The cities of the Roman world were filled with small shops that were rented from their owners by the shop keeper. Some shops were located on the ground floor of elite houses. Some on the ground floor of an insula. A number of such shops have been found at the well–preserved sites of Pompeii, Herculaneum, and Ostia (all in Italy).
The photo above is a view of the main entrance (just right of center in the light) to a wool processing/cleaning shop (a fullonica; see here for 5 additional images of this shop). Note the pool in the lower left, and the modern staircase that led up an upper floor of this shop. Jerome Murphy–O’Connor writes that typically merchants/craftsmen/etc. “. . . used the lower level for their shop and the upper level for living quarters” (see below for the important biblical discussion).
A fullonica was designed for the washing of dirty laundry and degreasing of fabrics. Based upon inscriptions it is believed that Stephanus was the owner of the fullery. He died during the eruption in 79 AD while trying to escape. The workers for Stephanus, almost all slaves, had to tread on fabrics and clothes for hours, placed in a liquid containing human and animal urine. The urine was collected in pots placed along the streets. The smell in a fullonica must have been “putrid” — but the shop was on a main street and houses (upper class) surrounded it! To view more images of the fullonica with commentary Click Here.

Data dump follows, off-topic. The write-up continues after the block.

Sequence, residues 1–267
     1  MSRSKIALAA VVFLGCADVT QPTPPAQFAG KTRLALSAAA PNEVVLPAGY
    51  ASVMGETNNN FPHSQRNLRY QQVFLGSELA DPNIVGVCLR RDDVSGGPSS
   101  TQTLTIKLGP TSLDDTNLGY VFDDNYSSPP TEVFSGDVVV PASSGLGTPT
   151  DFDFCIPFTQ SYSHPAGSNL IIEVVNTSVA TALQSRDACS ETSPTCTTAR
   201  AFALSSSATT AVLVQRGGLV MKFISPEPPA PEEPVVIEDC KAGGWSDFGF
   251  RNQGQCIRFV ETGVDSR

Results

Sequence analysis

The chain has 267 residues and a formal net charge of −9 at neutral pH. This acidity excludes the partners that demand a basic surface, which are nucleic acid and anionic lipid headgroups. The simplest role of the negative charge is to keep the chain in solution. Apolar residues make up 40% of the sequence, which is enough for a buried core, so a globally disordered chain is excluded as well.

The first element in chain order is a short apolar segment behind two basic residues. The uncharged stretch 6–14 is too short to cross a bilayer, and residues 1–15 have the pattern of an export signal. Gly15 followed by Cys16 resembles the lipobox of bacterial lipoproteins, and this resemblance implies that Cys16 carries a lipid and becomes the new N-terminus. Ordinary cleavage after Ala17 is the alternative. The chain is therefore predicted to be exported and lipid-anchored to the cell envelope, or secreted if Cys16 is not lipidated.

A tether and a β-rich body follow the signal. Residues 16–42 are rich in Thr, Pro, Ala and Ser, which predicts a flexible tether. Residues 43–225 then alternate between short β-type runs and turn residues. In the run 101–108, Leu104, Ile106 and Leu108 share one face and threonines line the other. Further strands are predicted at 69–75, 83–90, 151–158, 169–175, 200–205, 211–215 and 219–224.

Jerome Murphy–O’Connor wrote p. 48:
The first churches may have occupied the upper-level living quarters of shops like this [his picture is that of a thermopolium—see my previous post]. Shopkeepers typically rented such . . . rooms [from landlords], which opened onto the sidewalk, and then built a wooden platform halfway up to divide the room into two levels [see the picture above!]. They used the lower level for their shop and the upper level for living quarters. . . . . Statements that Prisca and Aquila, at Ephesus and Rome, hosted “a church in their house” (1 Corinthians 16:19; Romans 16:5), or more literally, “the group [of believers] which meets in their home,” suggest that the early Christians met in the living room above Prisca and Aquila’s shop. Such a room could probably accommodate 10 to 20 persons. This may explain why Paul, at Corinth, preached in the synagogue and later in the house of Titius Justus, rather than in Prisca and Aquila’s home, where he lived (Acts 18:3–7), as these locations could accommodate larger crowds than a room above a shop.
Murphy-O’Connor, Jerome. “Prisca and Aquila — Traveling Tentmakers and Church Builders.” Bible Review 6 (December, 1992): 40–51, 62.